Jacob Macznik grew up in a humble orthodox family. As a child, he studied at the heder. During World War I, the family settled in Kletz, in the Polish countryside. In 1922, Jacob left for Warsaw and studied at the School of Fine Arts. He illustrated various albums in order to earn his living. In 1928, he got married and arrived in Paris with his wife Stella. The couple lived in a hotel room and later on the second floor of the small house situated at 2 bis rue Perrel, in the 14th (On the ground floor was living Zigmund Menkes in the former atelier of the Douanier.
Menkes left for New York in 1935 and passed Rousseau’s atelier on to his friend Léon Weissberg, who lived and worked there until the German Occupation. At the liberation of France, Victor Brauner moved onto the desert local, nowadays destroyed.). Macznik took part in Parisian life and got in touch with Hersch Fenster. Jacob Macznik proposed that they travel to Poland to publish a book on synagogues; Fenster would write the texts while Macznik would paint the synagogues. Macznik began an inventory of the oldest synagogues in Poland (which were destroyed during the war). The two men traveled through Tarnow, Kourov, Barnev, and organized conferences in the towns they visited. They parted ways in Lodz. Macznik had no more money and returned to Paris with a dozen of paintings, although he had planned to produce over forty artworks. The album that he brought back would be prefaced by the Minister of Education Mr de Monzie. He was in a small village in the Auvergne region when the Second World War broke out. He left for Toulouse, joined the Resistance and hoped to reach London via Spain.
On October 1, 1943, Jacob Macznik was interned in Drancy with his wife. On October 28, 1943, they were deported on convoy number 61. They were murdered on January 18, 1945 in the Mauthausen concentration camp. Most of his paintings were destroyed by the Nazis.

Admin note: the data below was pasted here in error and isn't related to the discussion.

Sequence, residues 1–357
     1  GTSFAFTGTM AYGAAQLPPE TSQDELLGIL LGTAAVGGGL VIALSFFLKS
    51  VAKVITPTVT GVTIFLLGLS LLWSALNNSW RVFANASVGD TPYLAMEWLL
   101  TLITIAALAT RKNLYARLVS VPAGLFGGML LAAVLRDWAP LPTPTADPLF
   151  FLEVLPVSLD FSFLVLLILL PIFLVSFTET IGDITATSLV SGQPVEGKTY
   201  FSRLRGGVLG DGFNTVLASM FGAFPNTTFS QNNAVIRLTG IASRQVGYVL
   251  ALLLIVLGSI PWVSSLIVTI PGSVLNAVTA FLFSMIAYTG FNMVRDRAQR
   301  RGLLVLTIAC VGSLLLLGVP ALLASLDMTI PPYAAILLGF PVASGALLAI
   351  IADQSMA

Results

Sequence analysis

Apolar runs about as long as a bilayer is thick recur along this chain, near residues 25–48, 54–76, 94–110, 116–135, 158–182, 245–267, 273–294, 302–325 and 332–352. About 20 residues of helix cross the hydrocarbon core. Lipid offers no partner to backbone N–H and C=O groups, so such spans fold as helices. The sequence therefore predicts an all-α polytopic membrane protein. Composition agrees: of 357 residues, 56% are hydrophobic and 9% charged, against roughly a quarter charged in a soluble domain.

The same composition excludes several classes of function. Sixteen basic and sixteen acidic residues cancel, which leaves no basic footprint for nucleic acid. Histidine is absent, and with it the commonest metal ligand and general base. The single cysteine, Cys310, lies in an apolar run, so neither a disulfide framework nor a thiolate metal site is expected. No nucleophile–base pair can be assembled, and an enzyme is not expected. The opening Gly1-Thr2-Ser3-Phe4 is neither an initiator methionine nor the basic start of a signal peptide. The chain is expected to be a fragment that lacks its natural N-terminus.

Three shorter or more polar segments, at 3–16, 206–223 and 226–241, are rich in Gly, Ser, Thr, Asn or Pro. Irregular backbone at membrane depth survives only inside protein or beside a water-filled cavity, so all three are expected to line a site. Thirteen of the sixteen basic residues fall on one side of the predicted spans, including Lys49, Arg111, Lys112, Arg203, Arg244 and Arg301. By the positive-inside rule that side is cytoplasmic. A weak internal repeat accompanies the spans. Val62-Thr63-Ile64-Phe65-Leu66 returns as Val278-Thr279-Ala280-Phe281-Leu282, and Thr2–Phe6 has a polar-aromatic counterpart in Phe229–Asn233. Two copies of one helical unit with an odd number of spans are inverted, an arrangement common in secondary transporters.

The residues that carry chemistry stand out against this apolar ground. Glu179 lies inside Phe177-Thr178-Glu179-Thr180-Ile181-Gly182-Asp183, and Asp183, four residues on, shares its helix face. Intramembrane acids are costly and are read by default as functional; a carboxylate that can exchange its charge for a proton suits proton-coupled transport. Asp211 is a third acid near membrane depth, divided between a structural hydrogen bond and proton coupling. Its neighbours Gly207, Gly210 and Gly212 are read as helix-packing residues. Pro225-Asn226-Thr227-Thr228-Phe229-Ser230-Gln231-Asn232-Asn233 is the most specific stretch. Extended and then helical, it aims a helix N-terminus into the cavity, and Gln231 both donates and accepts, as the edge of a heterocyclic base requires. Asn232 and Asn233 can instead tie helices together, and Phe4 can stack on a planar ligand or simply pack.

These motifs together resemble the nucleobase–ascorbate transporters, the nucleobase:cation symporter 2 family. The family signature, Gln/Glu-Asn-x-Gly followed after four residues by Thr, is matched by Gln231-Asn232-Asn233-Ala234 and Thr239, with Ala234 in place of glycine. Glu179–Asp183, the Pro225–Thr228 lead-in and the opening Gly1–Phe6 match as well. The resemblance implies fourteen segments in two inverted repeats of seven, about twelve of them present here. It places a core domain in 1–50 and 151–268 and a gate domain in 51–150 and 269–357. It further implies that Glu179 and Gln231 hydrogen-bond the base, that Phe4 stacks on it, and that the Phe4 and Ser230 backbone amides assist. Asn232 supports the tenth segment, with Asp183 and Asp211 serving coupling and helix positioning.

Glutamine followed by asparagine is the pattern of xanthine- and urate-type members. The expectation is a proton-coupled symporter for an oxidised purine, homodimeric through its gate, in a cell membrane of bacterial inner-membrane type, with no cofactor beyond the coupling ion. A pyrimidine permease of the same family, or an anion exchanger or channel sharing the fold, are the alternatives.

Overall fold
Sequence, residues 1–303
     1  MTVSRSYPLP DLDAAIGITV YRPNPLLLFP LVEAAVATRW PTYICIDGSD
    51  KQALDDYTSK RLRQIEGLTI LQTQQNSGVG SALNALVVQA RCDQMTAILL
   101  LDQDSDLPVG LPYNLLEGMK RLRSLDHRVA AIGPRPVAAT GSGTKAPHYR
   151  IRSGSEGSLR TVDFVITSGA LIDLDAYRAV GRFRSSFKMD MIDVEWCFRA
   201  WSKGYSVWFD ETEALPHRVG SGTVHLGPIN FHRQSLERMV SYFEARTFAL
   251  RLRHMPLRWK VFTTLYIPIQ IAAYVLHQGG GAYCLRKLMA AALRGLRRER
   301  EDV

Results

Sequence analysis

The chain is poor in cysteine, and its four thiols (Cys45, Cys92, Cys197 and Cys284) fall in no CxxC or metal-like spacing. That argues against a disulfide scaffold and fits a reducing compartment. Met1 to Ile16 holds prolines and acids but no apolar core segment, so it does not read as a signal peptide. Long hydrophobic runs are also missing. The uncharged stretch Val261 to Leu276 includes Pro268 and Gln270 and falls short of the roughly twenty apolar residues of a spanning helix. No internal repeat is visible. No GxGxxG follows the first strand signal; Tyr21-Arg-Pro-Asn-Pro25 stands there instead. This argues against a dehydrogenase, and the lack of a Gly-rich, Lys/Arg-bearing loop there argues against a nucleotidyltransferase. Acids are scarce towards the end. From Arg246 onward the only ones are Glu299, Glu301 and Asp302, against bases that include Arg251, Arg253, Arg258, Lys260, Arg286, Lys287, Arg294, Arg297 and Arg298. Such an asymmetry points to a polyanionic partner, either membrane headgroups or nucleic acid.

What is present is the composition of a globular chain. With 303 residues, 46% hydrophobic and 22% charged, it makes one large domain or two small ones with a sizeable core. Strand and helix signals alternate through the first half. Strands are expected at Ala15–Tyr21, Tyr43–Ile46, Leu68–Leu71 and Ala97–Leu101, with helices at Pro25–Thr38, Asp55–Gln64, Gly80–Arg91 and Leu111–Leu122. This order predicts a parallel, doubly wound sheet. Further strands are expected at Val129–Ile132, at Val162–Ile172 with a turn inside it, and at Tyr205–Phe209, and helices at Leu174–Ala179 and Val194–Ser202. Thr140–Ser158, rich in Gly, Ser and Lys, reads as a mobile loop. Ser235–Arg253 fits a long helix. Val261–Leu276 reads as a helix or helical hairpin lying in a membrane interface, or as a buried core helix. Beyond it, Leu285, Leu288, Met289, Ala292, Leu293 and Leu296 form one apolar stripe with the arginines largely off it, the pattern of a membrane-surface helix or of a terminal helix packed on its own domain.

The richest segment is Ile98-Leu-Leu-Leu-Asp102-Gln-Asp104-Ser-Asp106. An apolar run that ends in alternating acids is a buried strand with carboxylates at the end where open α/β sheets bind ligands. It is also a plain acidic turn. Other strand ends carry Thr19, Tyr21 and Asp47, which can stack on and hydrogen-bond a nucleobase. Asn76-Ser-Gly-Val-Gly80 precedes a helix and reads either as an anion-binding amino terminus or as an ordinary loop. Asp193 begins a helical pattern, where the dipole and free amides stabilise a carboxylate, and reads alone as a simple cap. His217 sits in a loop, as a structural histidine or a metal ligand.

Capitale des arts, le Paris des années 1905-1939 attire les artistes du monde entier. De cette période de foisonnement, un terme est resté, celui d'Ecole de Paris, qui recouvre une grande diversité d'expression artistique. Dans ce brassage dont Montparnasse est le creuset, un groupe se distingue : celui des artistes juifs venus de Russie, de Pologne et d'Europe centrale. Si leurs styles sont variés, un destin commun les rassemble : ils fuient l'antisémitisme de leur pays d'origine. Certains ont connu la célébrité dès les années 1920, tels Soutine, Lipchitz ou Chagall. D'autres n'ont pas eu le temps ou la chance d'y accéder. Près de la moitié a péri dans les camps de concentration nazis.
From 1905 to 1939, Paris attracted artists from all over the globe as the capital of the art world. This period of artistic proliferation became known as the School of Paris, and includes a great diversity of artistic expression. Within the teeming art world centred on Montparnasse, one group set itself apart: Jewish artists from Russia, Poland, and Central Europe. Although their styles were diverse, they shared the common fate of fleeing anti-Semitic persecutions in their home countries. Some became famous in the 1920s, such as Soutine, Lipchitz, and Chagall, while others did not have the time or the luck to gain renown. Nearly half of these artists died in Nazi concentration camps.